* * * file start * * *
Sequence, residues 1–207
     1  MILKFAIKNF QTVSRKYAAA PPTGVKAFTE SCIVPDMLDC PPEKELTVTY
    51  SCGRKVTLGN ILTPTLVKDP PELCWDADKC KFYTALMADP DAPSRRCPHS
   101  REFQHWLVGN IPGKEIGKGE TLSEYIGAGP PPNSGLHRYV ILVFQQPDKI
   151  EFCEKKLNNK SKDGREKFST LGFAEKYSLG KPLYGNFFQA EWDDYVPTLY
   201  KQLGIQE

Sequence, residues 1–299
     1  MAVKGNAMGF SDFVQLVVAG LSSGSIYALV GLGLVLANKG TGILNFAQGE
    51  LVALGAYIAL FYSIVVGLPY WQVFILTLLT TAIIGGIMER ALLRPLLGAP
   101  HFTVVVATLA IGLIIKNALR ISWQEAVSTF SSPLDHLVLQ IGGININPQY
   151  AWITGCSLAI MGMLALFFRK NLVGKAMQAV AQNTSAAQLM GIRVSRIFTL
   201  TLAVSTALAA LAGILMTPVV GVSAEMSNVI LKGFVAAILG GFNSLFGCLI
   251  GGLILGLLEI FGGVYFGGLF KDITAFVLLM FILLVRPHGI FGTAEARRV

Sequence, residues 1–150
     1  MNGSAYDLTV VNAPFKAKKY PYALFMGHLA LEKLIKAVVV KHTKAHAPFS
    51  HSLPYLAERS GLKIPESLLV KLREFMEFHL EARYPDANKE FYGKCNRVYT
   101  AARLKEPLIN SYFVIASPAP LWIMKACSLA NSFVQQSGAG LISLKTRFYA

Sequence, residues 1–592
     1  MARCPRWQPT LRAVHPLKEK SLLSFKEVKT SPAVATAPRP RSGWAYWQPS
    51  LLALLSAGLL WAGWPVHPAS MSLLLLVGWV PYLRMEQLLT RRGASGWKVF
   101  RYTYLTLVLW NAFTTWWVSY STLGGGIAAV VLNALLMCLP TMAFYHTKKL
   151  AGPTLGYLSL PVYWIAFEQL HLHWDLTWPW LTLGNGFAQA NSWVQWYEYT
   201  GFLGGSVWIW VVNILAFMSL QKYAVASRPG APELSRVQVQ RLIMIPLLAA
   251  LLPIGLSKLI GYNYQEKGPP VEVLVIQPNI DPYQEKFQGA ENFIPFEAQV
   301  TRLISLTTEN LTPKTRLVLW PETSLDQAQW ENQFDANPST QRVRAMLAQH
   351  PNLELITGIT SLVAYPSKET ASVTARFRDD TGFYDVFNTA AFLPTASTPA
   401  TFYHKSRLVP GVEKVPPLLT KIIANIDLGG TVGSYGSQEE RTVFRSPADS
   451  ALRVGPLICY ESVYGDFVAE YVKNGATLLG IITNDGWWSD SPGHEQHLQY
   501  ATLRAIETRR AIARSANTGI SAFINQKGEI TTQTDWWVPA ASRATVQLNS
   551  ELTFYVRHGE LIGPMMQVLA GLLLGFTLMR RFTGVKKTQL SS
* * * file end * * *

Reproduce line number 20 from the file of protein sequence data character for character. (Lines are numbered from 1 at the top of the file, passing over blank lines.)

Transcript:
    51  LLALLSAGLL WAGWPVHPAS MSLLLLVGWV PYLRMEQLLT RRGASGWKVF